Taylor “Pork Roll” Rueben
Taylor “Pork Roll” Rueben

Taylor Ham “Pork Roll” Rueben

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New Jersey TAYLOR HAM “PORK ROLL” RUEBEN

PREP TIME: 40 minutes – Makes 4 Sandwiches

EQUIPMENT: 11-inch square griddle

INGREDIENTS:

  • 2 tablespoon unsalted butter
  • 4 Jersey hard rolls, sliced or thick Jewish Rye Bread
  • ½ cup Thousand Islands or Russian dressing
  • 4 slices Swiss cheese
  • 16 slices Taylor Pork Roll
  • 4 dill pickle sliced
  • 1 cup sauerkraut, drained or coleslaw

DIRECTIONS:

Preheat a large skillet or griddle on medium heat.

Toast buttered hard-roll or Rye Bread until lightly brown and spread with dressing. On toasted bread or roll, layer 2 slices pork roll, pickle slices, Swiss cheese, 2 more slices of pork roll, and ¼ cup sauerkraut or coleslaw. Top with remaining hard-roll or rye bread slices.

Grill sandwiches until both sides are golden brown and cheese melts, about 8 to 10 minutes per side. Sandwich can be pressed like a Cuban sandwich for extra flavor. Serve hot.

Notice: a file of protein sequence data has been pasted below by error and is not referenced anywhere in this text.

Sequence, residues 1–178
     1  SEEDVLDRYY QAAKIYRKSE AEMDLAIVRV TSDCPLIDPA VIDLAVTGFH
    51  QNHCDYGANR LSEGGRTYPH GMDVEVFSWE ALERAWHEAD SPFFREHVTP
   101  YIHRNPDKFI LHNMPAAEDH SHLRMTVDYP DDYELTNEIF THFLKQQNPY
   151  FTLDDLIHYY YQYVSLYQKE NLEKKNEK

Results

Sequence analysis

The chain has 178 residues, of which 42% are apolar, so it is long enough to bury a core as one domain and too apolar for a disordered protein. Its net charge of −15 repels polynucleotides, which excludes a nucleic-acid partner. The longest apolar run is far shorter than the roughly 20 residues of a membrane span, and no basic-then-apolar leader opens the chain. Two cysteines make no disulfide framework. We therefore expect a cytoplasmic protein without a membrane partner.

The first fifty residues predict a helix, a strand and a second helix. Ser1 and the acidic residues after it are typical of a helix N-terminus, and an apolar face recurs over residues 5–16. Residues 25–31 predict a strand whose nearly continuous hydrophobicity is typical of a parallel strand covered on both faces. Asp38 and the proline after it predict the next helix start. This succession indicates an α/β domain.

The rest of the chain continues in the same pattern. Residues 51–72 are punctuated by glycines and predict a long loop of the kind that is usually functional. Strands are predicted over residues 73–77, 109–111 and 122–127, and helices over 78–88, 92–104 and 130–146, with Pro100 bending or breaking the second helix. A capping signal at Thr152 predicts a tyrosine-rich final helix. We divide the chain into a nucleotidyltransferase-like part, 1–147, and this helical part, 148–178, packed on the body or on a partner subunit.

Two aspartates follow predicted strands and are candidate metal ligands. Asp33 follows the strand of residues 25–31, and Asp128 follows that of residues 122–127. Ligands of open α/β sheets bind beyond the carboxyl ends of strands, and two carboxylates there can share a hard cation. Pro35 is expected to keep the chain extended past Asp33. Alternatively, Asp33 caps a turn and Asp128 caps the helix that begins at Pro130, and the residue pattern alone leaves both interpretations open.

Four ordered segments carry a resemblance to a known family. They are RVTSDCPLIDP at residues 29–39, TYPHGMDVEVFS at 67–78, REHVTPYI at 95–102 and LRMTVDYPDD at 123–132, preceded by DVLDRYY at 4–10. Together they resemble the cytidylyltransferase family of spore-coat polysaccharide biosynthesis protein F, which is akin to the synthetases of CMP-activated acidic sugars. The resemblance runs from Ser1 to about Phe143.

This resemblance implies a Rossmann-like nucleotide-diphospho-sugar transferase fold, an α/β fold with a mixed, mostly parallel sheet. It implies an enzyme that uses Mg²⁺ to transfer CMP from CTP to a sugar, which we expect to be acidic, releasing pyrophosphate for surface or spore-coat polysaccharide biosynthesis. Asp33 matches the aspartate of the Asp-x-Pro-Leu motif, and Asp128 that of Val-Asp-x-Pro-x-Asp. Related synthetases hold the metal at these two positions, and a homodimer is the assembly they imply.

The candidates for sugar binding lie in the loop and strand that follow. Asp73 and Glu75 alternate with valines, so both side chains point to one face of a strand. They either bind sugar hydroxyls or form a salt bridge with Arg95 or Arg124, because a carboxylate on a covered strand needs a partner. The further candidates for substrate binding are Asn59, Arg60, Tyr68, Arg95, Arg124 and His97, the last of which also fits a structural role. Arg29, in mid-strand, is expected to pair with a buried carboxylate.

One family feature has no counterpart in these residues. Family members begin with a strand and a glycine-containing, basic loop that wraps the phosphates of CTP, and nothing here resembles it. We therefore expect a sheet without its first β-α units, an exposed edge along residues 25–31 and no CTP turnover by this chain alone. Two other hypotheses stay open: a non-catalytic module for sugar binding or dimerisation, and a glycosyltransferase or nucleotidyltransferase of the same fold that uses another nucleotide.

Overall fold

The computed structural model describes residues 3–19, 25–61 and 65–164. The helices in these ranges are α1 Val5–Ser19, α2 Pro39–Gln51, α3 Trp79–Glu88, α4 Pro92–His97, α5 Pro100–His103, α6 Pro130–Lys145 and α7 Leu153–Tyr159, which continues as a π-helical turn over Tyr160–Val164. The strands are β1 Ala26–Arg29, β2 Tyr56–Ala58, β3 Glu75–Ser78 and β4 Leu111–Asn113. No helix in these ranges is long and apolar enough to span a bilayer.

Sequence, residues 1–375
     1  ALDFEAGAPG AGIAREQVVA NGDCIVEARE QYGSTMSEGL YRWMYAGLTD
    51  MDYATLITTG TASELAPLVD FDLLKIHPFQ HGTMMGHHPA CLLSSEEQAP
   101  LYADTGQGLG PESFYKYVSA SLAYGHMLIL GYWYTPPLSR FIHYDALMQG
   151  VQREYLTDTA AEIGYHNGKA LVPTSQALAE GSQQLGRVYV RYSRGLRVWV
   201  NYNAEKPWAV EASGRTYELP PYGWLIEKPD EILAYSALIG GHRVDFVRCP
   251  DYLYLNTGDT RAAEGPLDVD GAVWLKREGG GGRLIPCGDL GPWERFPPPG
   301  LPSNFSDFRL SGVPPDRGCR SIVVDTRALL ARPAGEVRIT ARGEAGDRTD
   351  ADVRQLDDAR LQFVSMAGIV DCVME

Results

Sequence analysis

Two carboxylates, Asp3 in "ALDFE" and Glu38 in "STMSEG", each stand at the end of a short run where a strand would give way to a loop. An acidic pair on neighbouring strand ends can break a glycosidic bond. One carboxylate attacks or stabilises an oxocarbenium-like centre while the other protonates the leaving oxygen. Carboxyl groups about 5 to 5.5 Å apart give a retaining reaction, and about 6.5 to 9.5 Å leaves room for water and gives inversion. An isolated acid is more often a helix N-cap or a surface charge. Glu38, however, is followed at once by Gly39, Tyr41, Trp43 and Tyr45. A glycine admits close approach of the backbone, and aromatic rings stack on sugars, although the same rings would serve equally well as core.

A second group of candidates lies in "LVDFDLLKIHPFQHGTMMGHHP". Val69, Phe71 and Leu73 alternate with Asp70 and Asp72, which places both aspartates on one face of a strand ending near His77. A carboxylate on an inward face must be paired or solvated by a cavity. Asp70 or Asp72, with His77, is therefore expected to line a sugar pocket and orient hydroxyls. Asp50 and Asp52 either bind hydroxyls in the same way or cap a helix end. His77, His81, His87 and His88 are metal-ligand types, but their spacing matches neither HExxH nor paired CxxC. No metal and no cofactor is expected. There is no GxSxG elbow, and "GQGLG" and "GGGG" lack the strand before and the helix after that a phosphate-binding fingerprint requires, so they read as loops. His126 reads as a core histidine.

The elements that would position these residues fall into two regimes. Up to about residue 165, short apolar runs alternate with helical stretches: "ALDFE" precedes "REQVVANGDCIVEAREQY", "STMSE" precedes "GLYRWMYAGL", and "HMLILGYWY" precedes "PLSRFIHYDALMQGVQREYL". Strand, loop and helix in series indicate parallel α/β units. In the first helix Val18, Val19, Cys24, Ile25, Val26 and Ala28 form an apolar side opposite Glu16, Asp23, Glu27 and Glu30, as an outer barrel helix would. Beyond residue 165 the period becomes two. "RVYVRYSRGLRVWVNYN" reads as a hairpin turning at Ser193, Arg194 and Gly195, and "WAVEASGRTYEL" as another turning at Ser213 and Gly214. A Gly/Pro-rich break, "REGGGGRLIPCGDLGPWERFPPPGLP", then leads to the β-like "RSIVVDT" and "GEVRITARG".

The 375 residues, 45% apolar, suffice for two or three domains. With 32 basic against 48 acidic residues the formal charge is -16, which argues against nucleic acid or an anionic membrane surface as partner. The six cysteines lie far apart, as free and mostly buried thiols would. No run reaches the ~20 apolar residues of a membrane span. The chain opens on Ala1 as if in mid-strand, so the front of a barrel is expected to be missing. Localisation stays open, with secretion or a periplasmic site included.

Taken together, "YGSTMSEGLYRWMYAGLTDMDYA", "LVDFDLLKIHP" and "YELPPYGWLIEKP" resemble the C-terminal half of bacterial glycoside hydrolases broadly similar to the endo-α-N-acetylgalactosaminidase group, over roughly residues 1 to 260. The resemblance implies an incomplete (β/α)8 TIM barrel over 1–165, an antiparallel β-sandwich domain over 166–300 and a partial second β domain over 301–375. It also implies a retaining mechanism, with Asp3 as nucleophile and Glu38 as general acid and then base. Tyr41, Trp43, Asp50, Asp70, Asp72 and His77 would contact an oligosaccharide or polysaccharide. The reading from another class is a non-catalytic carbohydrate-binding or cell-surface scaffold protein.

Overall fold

HISTORY:

No matter how you slice it “Pork Roll” as it is known in South Jersey or “Taylor Ham” in the North, it is a salty, tangy, gloriously delicious delicacy and the official Meat of New Jersey. Well ahead of Spam and Canadian Bacon, pork roll is definitely in a league of its own. When accompanied by the classic accoutrements; egg over medium, a slice of mild cheddar and sandwiched between the equally famous New Jersey “Hard Roll”, you have the Classic Breakfast Sandwich of New Jersey.

Pork roll/Taylor ham is a processed pork product made with a mix of spices, salt, a sugar cure, and preservatives that is smoked before being packaged. While a similar item, packed minced ham, may have been produced at the time of the Battle of Trenton, John Taylor is credited with creating his secret recipe for the product in 1856. George Washington Case, a farmer and butcher from nearby Belle Mead, New Jersey, later created his own recipe for pork roll in 1870. Case's was reportedly packaged in corn husks.

Because it is not technically ham, Taylor Ham got a name change to “pork roll” in 1906 when the Pure Food and Drug Act of 1906 went into effect. Although its inventor, John Taylor, tried to trademark the name “Pork Roll,” he was denied in 1910, and competitors began popping up from there on out.

There are no limits to the recipes that you can created with Taylor Ham…

Chef Charles Knight